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Notes on waste, water, and whatever from the author of Bottlemania and Garbage Land
I'm a retired Federal law enforcement officer, and I don't quite understand how the market's cop could hold you so long without charges. I would have been obligated to either physically arrest you (in handcuffs as per my agency's policy), write you a violation notice (ie: ticket telling you to pay a set fine or appear in court on a certain day for a trial), or release you within a reasonable amount of time (maybe 30 minutes or so). After all, I assume that they could find you later if necessary. Did you refuse to provide adequate identification? Probably not, right? The police officer's comment that he would physically restrain you would make me personally say, fine, you will need to do that. That should have had no bearing on a future judge's decision anyway, but it could certainly have bearing on any future civil lawsuit if you felt you were illegally arrested and/or held involuntarily. In court, the Judge or Magistrate apparently did not find you guilty of anything, so unless I'm missing something, he had no business telling you to stay out of trouble for six months or six minutes.
Wow. So you were arrested for not breaking the law, and "walked away" on probation??? Just to double-check, this WAS in the United States, the self-proclaimed haven of freedom, not Pakistan, right? How about walking out of the detention room, have the mall cop wrestle you down and sue him for invading personal freedom etc.? I wonder how that would have played out. I have to say I'm more and more convinced that democracy exists only on paper in this country.
Not to sound judgmental, but you might want to look into the skills of a "Navy Seal" of a lawyer who needs to brush up on trespassing law before a court case and then somehow manages to get you on probation for a crime you didn't commit.
Daniel: Actually, Federal Court can be significantly different than Local or State Courts. I sometimes would have a case that the U.S. Attorney (the Federal prosecution) felt would be better handled in State Court, such as with a juvenile defendant. I always hated that, because the courtroom procedure is just not like my usual Federal cases. So the onearth attorney was actually trying this case in a completely different environment than his usual cases, and justifiably felt that before he walked into court there, more knowledge of that system was essential. I have seen local attorneys who were not used to Federal Court, and were just recently given permission to handle a Federal case (yes, they must be "admitted" into the Federal system first), really make some unreasonable mistakes. I saw one defence attorney who placed a tape recorder onto the table, and was told by the Federal Judge that if he did not remove it immediately, HE would be spending a day in jail, and he needed to bone up on the Federal system before representing a client there. He did complete the case (he lost, but that was because my evidence was solid), but I personally would have "renegotiated" his legal fees if I was the defendant and had hired him. I doubt that there was anything placed on the defendants' (the good "guys" from onearth) criminal records. Although I now live in a third world country in Southeast Asia, the U.S. legal system is light years better than any of the 20 third world countries here, and in Central/South America that I have spent time in. I enjoy living in these kind of places because they are so exotic, but sometimes miss the "normal" happenings in the U.S. I'm very happy to see the environmentally conscious people of this, and other organizations around the world. Good job!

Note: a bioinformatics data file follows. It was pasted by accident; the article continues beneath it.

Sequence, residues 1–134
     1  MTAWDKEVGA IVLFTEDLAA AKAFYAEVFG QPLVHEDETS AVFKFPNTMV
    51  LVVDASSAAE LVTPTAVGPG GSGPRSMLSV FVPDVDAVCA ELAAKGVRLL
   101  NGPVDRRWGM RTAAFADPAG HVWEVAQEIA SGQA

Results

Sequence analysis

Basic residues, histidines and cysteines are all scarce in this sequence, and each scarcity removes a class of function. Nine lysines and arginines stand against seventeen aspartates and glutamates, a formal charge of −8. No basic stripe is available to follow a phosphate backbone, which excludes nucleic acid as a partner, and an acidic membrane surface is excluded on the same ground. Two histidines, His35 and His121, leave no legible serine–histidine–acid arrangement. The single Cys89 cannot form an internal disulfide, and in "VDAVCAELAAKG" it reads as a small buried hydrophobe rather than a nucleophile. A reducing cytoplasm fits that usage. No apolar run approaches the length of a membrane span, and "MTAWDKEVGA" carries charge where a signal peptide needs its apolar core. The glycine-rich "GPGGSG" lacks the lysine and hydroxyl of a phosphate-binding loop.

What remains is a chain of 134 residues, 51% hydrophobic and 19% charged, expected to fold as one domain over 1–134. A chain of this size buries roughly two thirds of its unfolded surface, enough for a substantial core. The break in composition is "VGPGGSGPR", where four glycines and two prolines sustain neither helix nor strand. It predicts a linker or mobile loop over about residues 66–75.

Believe me, Commenters, I was tempted to walk out and risk the cuffs, just to set something in motion. But I didn't want to get put into the system and lose even more of my day. And yes, I felt that accepting a probationary period nodded to some level of guilt, but Mitch Bernard assured us this was not the case. What I really wanted from this episode was an acknowledgement from Hunts Point that it was wrong to hold us for so long, to charge us with criminal or any other kind of trespass, to force us to defend ourselves in court, and to waste court employees' time on a senseless charge. (At the same time, I feel guilty even complaining about this nonevent: the system comes down much harder on innocent people every day, people who don't have access to attorneys or other forms of support, to say nothing of a media platform in which they can air their grievances.)